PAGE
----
Good old Marks and Sparks, a place you can trust to get the sort of clothing that your mum would want you to wear and where the quality is never in dispute. Marks and Spencer is so ingrained into the British Psyche that there is a general wellspring of opinion that we would love them to be the retail powerhouse of our memories. Unfortunately, the real gains they have made in the retailing of food have been eroded in non-food, especially clothing sales.
Walk around any large Marks and Spencer and you will be amazed at the range and the quality of the clothing, there really are some great products to pick up for both genders, the problem is that it is so poorly sign-posted, segregated and confusingly over-sub-branded, that you lose the plot. The issue appears less about the selection and buying of ranges, more the way that these ranges are put together and displayed. It is just confusing and difficult to shop.
It all blends into a fuddy duddy looking mess where the clothes more suitable to a younger audience are mixed up with the twin-sets and A-lines. Hence you get the phenomenon where the younger customers are frightened stiff that they will go out to find their elderly aunt wearing the same outfit. Like it or not, we are all rather tribal and define that by what we wear and how we wear it. If you cannot find your tribe then generally you leave and that generation is lost to you. This is where M & S have ended up, and yet they still have some great clothes, at decent prices. The availability and sizing have also been solid, it’s not that you get there and cannot find it, it’s just you waste too much time trying to find it.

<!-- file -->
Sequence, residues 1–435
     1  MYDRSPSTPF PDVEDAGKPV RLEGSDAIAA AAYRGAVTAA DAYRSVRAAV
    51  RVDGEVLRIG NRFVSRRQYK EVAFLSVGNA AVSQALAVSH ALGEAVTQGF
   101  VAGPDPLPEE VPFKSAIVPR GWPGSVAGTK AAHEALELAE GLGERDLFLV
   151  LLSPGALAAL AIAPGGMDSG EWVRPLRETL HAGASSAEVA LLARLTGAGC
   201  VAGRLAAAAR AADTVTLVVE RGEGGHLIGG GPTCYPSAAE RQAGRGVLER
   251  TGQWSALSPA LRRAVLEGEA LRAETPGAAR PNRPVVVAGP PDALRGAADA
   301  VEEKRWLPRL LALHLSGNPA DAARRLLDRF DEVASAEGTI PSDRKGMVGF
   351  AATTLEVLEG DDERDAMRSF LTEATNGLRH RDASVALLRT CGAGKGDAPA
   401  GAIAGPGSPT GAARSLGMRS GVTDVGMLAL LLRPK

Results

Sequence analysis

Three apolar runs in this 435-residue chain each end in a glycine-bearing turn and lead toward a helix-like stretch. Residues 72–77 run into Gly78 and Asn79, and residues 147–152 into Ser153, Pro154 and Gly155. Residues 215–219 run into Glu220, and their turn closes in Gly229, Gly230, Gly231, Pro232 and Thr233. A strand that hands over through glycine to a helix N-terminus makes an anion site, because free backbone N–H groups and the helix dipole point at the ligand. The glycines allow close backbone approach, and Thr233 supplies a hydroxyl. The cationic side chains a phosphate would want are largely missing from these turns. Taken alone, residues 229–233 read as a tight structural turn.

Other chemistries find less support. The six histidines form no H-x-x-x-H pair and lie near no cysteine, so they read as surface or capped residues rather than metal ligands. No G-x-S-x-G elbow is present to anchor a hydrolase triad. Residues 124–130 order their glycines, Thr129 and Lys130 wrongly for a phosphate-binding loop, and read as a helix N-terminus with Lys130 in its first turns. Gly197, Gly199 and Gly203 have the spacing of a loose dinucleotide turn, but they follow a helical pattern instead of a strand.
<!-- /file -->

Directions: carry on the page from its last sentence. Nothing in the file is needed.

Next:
The contrast to food hall is palpable; here the range and quality is blossoming, as is the confidence in the operation to offer improved fresh availability across the whole day. I look at their delicatessens now and see a mixture of Waitrose, Sainsbury and the best of old Safeway, exciting and really easy to shop. Merchandising is far simpler in food yet they have delivered a food hall that not only makes sense but has zones where excitement and treats disrupt your journey.
If only they could do this in the non-food arena then they would be a force to be reckoned with again.
Changes in the senior team structure suggest that Rowe is seeking simpler decisions paths that can only improve the way the floor space is used. If he thinks customer journey as they have done in food hall then he will not go too wrong.